• [Appendix A] Whats on the Companion Disk?1.4.3.3 Programmer−defined recordsA record is a composite data structure, consisting of one or more fields or columns. A record in PL/SQLroughly corresponds to a row in a database table. With earlier versions of PL/SQL, you can create recordsusing the %ROWTYPE attribute; however, these records can only reflect the structure of a table or cursor.With PL/SQL Version 2.0, you can create records with whatever structure you decide upon, completelyindependent of any particular table or cursor. A programmer−defined record may even have another record asa field in its record, thereby allowing nested records and the ability to represent real−world structures in yourprograms.Here is an example of the definition of a record type, followed by a declaration of the actual record: DECLARE /* Create a record to hold four quarters of sales data. */ TYPE sales_quarters_rectype IS RECORD (q1_sales NUMBER, q2_sales NUMBER, q3_sales NUMBER, q4_sales NUMBER); /* || Create a record to hold sales information for a customer. || Notice the nested record. */ TYPE customer_sales_rectype IS RECORD (customer_id NUMBER (5), customer_name customer.name%TYPE, total_sales NUMBER (15,2), sales_by_quarter sales_quarters_rectype); /* Create a record for use in the program of this record type. */ customer_sales_rec customer_sales_rectype; BEGINYou can pass records as parameters and perform aggregate assignments with records −− that is, with a singleassignment operation you can assign all the values of one record to another, compatible record.1.4.3.4 PL/SQL tablesOne of the first questions I ever heard posed about PL/SQL Version 1.1 was, "Where are the arrays?"Programmers who coded in the nonprocedural interface of SQL*Forms, after spending a decade withlanguages like FORTRAN and C, got all excited when they heard about PL/SQL: they thought theyd get allthe good stuff they had in their 3GL environments −− particularly arrays. Imagine the shock anddisappointment when PL/SQL not only lacked the ability to read and write disk files, but also did not supportarrays!The designers of the PL/SQL language recognized the need to manipulate data in array−like structures inmemory, but they also wanted to make sure to maintain PL/SQLs nature as an extension to SQL. The result isthe PL/SQL table, available with Version 2.0.The PL/SQL table is a memory−resident object that gives you array−like access to rows of information. It issimilar to, but not the same as, a database table. Currently, a PL/SQL table may contain only one column(with the datatype of your choice) and one primary key (with a mandatory datatype of BINARY_INTEGER).The following declaration section contains the definition of a table type, followed by the declaration of atable, that can be used in a program: DECLARE /* Table of strings to hold company names. */ TYPE company_names_tabtype IS TABLE OF VARCHAR2(100) INDEX BY BINARY_INTEGER;1.4.3 PL/SQL Version 2.0 75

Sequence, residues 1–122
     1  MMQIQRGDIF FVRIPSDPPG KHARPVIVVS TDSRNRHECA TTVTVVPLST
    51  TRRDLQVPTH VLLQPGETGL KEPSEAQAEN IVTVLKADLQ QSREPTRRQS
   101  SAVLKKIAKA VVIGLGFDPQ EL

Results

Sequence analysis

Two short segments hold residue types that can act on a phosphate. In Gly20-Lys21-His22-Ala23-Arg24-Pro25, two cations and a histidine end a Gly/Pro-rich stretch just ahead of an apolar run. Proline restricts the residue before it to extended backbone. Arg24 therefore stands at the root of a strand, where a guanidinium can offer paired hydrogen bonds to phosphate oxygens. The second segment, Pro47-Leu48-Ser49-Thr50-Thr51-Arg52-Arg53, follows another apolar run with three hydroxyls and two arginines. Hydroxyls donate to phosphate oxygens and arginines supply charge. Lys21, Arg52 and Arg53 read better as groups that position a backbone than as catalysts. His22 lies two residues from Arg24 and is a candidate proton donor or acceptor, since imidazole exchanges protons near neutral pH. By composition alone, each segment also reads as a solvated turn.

• [Appendix A] Whats on the Companion Disk? /* Declaration of actual table to be used in code. */ company_names company_names_tabtype; BEGINPL/SQL tables can be passed as parameters in modules. Unlike arrays found in 3GL programs, PL/SQL tablesare unconstrained and sparse. Unconstrained means that, as with database tables, you do not have to decidethe size of a PL/SQL table in advance. Sparse means that the only rows defined in memory are those youcreate with an assignment to that row.1.4.3.5 Built−in functionsPL/SQL Version 2.0 supports a wide range of built−in functions to manipulate data in your programs. Thesebuilt−ins may be categorized as follows:Character functions Functions that analyze and modify the contents of CHAR and VARCHAR2 string variablesDate functions Utilities that allow programmers to perform high−level actions on date variables, including date arithmeticNumeric functions A full range of functions that manipulate numbers, including trigonometric, logarithmic, and exponential functionsConversion functions Functions that convert from one datatype to another, often formatting the output data at the same time1.4.3.6 Built−in packagesIn addition to the built−in functions, each release of PL/SQL offers built−in packages, which bundle togetherrelated programs. These packages will prove to be invaluable in your development efforts; they aresummarized in Appendix C, Built−In Packages. Here are some examples of built−in packages available withPL/SQL Release 2.0:DBMS_OUTPUT Displays information to the screen; useful for debugging PL/SQL scripts.DBMS_PIPE Communicates between Oracle sessions via "pipes." Oracle Corporation uses this package to parallelize their database, and you can use it to parallelize your own programs.DBMS_LOCK Requests and manages programmer−defined locks.You would, for example, use the PUT_LINE procedure in the DBMS_OUTPUT package to displayinformation to your screen (or, in the case of the World Wide Web, to your home page): DBMS_OUTPUT.PUT_LINE (Option selected is || option_desc);1.4.3.7 Control structuresPL/SQL provides procedural extensions to SQL to implement the following types of control structures: •1.4.3 PL/SQL Version 2.0 76